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RE-EVALUATING THE NEEDS FOR ANIMAL PASSAGES IN ISRAEL: TOWARDS A LONG-TERM MONITORING SCHEME

  • Author(s): Achiron-Frumkin, Tamar
  • et al.
Abstract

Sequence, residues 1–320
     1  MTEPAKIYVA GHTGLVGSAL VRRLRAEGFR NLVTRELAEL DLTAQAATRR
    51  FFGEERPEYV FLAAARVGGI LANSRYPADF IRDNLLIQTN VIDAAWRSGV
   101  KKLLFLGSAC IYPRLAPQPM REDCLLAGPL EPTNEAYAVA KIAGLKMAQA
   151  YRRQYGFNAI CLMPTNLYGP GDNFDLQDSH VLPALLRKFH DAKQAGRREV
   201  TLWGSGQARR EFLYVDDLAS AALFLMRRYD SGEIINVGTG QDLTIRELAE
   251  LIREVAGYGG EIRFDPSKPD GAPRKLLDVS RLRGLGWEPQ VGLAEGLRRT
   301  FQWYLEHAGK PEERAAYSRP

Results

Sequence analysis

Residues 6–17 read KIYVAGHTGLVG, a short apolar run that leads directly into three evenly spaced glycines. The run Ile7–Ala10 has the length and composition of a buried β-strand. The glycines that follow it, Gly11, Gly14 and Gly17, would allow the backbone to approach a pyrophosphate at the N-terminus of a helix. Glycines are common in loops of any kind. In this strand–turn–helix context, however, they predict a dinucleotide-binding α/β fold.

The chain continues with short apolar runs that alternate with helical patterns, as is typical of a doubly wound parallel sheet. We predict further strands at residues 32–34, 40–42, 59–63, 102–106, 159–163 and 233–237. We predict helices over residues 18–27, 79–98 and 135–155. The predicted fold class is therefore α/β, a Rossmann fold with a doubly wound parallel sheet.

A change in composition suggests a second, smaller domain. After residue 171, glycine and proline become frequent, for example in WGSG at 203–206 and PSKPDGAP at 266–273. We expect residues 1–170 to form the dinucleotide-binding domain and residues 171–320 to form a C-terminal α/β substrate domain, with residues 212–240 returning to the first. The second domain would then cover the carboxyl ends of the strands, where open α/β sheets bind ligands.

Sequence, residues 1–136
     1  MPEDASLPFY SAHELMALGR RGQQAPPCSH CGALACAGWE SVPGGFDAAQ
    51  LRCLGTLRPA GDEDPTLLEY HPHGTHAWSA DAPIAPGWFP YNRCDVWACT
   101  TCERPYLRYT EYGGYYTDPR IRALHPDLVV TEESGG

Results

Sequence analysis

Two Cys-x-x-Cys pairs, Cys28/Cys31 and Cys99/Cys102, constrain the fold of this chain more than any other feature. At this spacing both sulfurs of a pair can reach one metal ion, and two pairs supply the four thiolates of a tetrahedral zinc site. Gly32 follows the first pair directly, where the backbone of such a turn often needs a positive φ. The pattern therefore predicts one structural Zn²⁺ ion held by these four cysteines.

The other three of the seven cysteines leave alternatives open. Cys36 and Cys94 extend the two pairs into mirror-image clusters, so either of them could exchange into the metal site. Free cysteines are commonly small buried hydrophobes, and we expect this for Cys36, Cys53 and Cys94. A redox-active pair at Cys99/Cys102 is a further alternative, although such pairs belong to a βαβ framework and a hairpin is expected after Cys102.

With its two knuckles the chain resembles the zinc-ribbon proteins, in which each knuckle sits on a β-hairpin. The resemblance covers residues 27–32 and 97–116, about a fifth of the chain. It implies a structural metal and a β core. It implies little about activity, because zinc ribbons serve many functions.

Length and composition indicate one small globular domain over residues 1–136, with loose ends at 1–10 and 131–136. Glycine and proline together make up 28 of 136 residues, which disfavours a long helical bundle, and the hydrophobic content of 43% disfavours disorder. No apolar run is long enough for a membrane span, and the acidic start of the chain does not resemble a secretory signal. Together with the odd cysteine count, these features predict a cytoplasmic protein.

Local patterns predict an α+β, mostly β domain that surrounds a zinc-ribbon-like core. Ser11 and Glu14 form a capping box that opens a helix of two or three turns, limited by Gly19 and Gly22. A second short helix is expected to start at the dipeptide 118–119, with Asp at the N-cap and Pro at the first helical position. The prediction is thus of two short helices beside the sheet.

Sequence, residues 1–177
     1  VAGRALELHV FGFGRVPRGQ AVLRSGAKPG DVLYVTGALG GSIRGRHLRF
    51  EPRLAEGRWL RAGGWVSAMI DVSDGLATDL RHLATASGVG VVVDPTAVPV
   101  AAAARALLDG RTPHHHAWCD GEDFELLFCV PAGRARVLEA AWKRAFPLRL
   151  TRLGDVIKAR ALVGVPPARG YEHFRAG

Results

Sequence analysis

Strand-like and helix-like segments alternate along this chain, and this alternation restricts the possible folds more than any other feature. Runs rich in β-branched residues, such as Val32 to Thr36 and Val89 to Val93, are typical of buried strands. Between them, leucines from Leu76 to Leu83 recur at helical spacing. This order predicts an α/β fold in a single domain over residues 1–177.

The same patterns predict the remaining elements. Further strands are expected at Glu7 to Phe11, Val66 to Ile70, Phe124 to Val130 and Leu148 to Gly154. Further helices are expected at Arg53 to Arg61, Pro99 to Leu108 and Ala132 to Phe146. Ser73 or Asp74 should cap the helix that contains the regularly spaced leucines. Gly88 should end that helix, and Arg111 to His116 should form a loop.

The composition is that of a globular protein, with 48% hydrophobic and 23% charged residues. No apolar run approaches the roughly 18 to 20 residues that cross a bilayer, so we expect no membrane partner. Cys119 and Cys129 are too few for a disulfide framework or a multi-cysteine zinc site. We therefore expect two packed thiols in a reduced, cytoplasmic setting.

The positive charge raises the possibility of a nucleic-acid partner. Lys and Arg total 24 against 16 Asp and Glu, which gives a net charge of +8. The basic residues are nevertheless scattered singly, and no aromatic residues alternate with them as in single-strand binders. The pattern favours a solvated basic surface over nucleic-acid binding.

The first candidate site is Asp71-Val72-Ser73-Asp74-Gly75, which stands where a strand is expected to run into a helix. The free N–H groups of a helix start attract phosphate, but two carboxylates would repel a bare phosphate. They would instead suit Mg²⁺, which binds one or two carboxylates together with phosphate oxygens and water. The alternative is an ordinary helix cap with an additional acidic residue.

Centralized planning framework, accelerating habitat fragmentation and growing awareness to animal-transportation issues in Israel have lead to increased demand for ecological considerations during road construction and maintenance. Several governmental bodies have upgraded their requests regarding fauna passages and monitoring, with substantial budget implications. Planning and management decisions on local and regional scale need to consider changes and adaptations required with time. Current project-oriented planning and budgeting make it difficult to maintain a regional, long-term view. Most existing fauna passages were not specifically designed for animals. Guidelines for animal passages are derived from European countries, which differ from Israel in climatic-ecological aspects and in some human activity patterns. Adapting these guidelines to local conditions in order to rationalize and optimize planning, expenditure and results requires more accurate reevaluation of animal needs, testing alternative solutions on small scale before turning to large-scale expensive modifications, and responding to temporal changes.

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